When you file for divorce in New Hampshire, you can expect to split not just your assets but also your debts. This process can be rather confusing, especially in an equitable division state, where there are multiple factors that affect how a judge will rule on the issue of asset and debt division.

How division works

The first thing to know is that asset division starts off with the judge assuming an equal division. Each party will then present arguments as to why it is in the interest of fairness to divide the property differently. The other guiding principle is that each spouse keeps income he or she brought in and any property that he or she owns solely. This is also not absolute, as there can be many reasons why having a spouse’s name on the title does not make it fair for him or her to keep it.

Because New Hampshire is an equitable division state, the basic principle is fairness to all parties. This means that, rather than black-and-white rules, there are presumptions that can be overturned by reasoned arguments and evidence. Judges do not just look at what is on paper. Instead, they examine the totality of the circumstances before arriving at a decision.

How division rules apply to debt

When it comes to debt, there is an additional consideration: the creditor. In dividing marital debt, a judge needs to be fair to both spouses and also to this third party, who is entitled to repayment. Generally, the spouse who incurred the debt owes the debt. The exception is debt that was taken out to pay for a necessity for the entire family, in which case the creditor may be entitled to come after jointly owned assets.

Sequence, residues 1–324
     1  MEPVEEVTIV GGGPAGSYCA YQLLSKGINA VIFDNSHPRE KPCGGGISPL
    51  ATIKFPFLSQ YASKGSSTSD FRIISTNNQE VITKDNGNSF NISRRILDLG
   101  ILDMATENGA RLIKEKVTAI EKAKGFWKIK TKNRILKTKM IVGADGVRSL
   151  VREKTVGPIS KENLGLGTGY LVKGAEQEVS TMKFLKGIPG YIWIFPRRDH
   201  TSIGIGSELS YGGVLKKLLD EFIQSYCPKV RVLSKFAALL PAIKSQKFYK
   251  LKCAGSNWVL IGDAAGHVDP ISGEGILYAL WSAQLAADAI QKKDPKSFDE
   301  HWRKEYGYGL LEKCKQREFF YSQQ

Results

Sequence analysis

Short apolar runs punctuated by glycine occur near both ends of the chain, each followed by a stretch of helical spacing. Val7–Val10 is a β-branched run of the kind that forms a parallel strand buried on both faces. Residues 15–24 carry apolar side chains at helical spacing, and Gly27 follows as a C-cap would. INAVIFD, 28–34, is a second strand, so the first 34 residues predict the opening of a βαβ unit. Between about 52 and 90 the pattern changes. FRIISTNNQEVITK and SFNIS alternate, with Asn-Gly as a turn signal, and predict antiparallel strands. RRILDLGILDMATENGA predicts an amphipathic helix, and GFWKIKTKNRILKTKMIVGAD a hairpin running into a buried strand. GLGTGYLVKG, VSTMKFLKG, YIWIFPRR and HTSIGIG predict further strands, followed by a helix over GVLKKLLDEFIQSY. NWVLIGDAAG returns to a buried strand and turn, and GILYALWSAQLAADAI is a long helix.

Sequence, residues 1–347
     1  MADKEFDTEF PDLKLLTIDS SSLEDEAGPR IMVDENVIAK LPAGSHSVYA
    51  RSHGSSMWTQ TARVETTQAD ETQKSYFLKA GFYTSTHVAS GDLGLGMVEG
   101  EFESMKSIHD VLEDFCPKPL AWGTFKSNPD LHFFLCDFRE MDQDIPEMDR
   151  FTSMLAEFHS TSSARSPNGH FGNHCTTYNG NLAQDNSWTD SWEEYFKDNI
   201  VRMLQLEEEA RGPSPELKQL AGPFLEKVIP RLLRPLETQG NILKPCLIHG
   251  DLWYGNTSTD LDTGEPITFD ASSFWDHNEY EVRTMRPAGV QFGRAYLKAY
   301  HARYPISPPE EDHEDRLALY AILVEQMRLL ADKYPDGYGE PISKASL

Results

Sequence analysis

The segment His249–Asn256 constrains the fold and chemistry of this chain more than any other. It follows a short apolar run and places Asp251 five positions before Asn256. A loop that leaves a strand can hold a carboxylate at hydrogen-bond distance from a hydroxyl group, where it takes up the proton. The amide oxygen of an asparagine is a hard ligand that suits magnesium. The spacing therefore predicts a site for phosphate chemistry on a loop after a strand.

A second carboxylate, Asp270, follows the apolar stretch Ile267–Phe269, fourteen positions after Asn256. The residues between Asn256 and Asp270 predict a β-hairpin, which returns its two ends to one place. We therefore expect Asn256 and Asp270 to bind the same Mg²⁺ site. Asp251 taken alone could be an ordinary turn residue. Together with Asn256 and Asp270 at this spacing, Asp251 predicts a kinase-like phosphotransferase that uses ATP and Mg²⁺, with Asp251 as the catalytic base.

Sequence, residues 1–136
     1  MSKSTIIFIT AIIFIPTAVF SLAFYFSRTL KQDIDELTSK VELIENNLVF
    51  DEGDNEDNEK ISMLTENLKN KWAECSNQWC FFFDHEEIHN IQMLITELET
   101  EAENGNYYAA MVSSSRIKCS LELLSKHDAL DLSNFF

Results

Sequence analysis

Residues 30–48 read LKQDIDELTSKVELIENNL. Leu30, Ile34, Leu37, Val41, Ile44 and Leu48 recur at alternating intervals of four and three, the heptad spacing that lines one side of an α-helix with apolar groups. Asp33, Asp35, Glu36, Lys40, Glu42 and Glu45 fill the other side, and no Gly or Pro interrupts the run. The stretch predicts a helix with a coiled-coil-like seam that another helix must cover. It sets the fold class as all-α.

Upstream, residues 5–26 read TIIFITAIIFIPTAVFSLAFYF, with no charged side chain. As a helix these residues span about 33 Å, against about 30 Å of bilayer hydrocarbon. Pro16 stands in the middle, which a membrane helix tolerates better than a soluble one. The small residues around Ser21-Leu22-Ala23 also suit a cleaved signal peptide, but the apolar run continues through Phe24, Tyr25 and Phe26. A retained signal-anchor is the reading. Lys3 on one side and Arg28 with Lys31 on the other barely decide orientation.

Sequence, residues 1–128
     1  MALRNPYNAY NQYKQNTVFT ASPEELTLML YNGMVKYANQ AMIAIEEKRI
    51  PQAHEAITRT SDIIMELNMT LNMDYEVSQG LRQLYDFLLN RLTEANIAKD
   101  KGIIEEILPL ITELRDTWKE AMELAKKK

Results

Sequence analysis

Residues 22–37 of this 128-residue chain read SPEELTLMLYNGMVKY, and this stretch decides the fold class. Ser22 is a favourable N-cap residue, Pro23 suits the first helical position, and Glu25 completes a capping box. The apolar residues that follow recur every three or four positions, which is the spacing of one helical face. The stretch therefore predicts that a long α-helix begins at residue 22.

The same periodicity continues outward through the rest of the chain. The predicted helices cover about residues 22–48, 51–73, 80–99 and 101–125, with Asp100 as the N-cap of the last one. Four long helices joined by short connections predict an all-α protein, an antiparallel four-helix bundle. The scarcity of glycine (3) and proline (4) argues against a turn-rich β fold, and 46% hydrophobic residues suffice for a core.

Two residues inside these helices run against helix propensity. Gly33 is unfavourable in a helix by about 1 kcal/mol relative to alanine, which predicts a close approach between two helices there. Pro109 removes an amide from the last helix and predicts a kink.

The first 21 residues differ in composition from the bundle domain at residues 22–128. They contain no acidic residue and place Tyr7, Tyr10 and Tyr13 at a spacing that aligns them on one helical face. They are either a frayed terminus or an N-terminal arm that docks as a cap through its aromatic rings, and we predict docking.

There are several important factors that can affect a fair division of debt and property. They include the length of the marriage, the role of a particular spouse in gaining an asset or incurring a debt, how much say the other spouse had, both spouses’ likely future prospects, their health and the needs of any children of the marriage. In some cases, one spouse can also be liable to the other for wasting assets (for example, gambling losses). Properly establishing the value of all assets is important, including taking into account factors like tax consequences. Two pieces of property may look substantially similar on paper, yet one may have less value if it is difficult to liquidate or would be taxed at a higher rate.

An experienced family law attorney can help you navigate the complexities of property and debt division. Whether you plan to file an uncontested divorce and a property agreement or you want to litigate division in court, speaking with a lawyer can help you figure out the best approaches to take.